Volume 13 - Issue 5

Mini Review Biomedical Science and Research Biomedical Science and Research CC by Creative Commons, CC-BY

Inclusive Growth in Science-The Importance of Investing in Employee Development and A Fairer Sharing of Opportunities and Benefits

*Corresponding author: Shyamala Thirunavukkarasu, Washington University in St Louis, 660 S Euclid Ave, St Louis 63110 MO, USA.

Received: July 20, 2021; Published: August 04, 2021

DOI: 10.34297/AJBSR.2021.13.001918


As the COVID-19 pandemic cruises onwards, the scientific community has been left to grapple with the fact that many workplace practices previously considered to be the norm are now outdated. This new reality underpins the enormous importance of not just employee adaptability but also the necessity of employers to adapt to changing times to ensure employee job satisfaction. Job satisfaction is a critical component of any successful organization, and it is common knowledge that happy employees are productive employees who deliver stellar performance, enhancing the overall stature of an organization. Enhancing individual well-being and engaging in inclusive growth across the team could be a productive strategy for organizations irrespective of its size or stature. Inclusive growth is a concept that is prevalent in the economic field, which advocates equal opportunities for all stakeholders during economic growth, with shared benefits obtainable by every section of society [1]. This term can be adapted to the scientific community in terms of employee development and potential for employees to benefit from opportunities made available by organizational leadership.

Strategic investing in employee development has a two-pronged advantage. Firstly, it helps in attracting a talented workforce to the organization. In current times, employees seek more fulfillment rather than just to be perceived as a labor resource. When potential employees are aware that an organizational leadership is committed to invest in their development, they automatically translate that to a leadership that will value them and want to see them grow professionally and personally. This is an attractive incentive for potential employees to join the workforce apart from the monetary benefits that the position might offer.

Secondly, employee development and inclusive growth is an investment that pays off in the long run for the organization. While it is inevitable that investing in employee development costs money and the returns might not be instantaneously realized, it ultimately does have an impact eventually, the most significant of which is employee retention. Long-term employees tend to form greater connections with one another which builds up trust and a sense of loyalty among team members of an organization. A report published in 2018 states that 93% of employees would stay at a company longer if it invested in their careers [2]. Beyond simply promoting employee retention, investing in employee development creates a clear path for employees to have an upward career progression. And it would be prudent for the leadership to facilitate both within organization upward movement and outside the organization movement without creating roadblocks if an employee so chooses. As this helps build the image of the employer as someone who is invested in an individual’s morale and development regardless of payback to the organization. In doing so it paves way for fresh talent to enter into the employer’s workforce which creates fresh ideas and new perspectives all of which are crucial for transformative growth of the organization in its entirety.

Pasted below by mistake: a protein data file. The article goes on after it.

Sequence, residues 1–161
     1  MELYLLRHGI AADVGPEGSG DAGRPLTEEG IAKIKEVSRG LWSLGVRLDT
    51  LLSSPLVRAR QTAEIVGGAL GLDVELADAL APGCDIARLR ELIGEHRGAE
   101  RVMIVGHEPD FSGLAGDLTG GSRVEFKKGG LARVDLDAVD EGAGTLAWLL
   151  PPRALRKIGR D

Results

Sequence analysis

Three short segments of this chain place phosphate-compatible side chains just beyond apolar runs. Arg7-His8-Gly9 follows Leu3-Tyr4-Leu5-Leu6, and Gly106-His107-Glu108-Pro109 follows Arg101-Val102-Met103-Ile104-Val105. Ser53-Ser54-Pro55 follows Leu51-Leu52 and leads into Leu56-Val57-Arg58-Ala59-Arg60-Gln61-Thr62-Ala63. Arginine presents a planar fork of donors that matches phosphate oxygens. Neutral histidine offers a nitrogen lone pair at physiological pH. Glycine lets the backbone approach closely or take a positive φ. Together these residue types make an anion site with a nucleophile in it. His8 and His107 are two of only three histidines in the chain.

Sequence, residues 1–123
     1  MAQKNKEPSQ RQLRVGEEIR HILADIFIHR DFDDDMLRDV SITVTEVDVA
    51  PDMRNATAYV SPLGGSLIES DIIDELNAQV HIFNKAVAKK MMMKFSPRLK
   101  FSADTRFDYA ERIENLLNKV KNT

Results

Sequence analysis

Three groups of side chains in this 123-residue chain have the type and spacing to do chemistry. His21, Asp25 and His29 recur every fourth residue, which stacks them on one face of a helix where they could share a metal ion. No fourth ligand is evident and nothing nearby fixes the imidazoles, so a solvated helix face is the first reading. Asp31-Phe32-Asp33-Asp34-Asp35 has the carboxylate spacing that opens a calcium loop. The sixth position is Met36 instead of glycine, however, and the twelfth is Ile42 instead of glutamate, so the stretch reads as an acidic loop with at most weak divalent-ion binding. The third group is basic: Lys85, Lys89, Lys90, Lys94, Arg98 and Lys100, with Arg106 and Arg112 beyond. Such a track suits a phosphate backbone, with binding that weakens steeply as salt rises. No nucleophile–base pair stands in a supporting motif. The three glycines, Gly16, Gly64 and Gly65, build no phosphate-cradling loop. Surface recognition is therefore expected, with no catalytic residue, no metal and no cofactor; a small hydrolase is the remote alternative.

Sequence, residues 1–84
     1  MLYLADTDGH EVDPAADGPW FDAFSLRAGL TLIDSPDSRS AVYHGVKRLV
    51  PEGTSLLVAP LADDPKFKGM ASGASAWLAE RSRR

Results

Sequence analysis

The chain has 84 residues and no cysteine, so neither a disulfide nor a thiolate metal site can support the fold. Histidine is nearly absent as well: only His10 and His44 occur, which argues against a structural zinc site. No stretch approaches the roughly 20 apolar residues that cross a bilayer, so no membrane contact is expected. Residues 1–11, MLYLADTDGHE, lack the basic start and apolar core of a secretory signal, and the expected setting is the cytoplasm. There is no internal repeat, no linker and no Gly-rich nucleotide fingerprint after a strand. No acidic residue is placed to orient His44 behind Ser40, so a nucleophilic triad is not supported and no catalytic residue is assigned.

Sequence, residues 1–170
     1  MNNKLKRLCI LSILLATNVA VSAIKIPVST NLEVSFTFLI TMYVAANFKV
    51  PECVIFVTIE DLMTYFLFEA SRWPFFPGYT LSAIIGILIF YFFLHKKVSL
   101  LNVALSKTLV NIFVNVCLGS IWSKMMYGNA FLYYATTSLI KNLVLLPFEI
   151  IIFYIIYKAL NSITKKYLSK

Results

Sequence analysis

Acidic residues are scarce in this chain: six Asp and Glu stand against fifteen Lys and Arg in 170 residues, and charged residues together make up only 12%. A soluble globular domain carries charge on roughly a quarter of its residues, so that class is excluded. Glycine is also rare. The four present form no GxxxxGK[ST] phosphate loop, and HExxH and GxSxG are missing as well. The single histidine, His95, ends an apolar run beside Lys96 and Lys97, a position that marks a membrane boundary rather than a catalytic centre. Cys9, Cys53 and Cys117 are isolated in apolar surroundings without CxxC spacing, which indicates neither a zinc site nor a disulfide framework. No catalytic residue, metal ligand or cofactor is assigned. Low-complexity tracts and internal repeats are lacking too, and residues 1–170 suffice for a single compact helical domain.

Hence, it would be callow for an organization’s leadership to assume that employee satisfaction, bonding and loyalty comes from providing periodic pep talks or organizing the episodic lunch / dinner gatherings or work outings. While these things can certainly help boost employee job satisfaction ostensibly, true satisfaction and togetherness comes from creating work environments where the individuals sense that they have a fair share in the opportunities provided, where all employees can contribute to reach their fullest professional potential and eventually reap a share in the organization’s success. When employees know that they can trust their leadership to engage in their professional development, they respond with increased job satisfaction. Empowering employees in this manner reflects not just in their personal work by way of improved productivity but also in their sense of ownership of not just their own success but also success of the organization as a whole. This is the crux of the concept of employee development and inclusive growth.

Finding ways to foster inclusive growth is no longer an option but is a necessity which can significantly impact on the value of an institution It is imperative that organizational leadership anticipate the pressing issues such as: how to build the skills of tomorrow’s workforce? How to support risk-taking and entrepreneurship while safeguarding job security, quality, and social protection within the microcosm of a team? In this scenario, it would be a shrewd policy for the organizational leadership to invest in a comprehensive long term Inclusive Growth Strategy (IGS) [3] that identifies the core areas of employee development considered as essential by the employees themselves and create opportunities to ensure that everyone have the skills to participate in the opportunities made available and thereby share in the benefits of growth of an organization.


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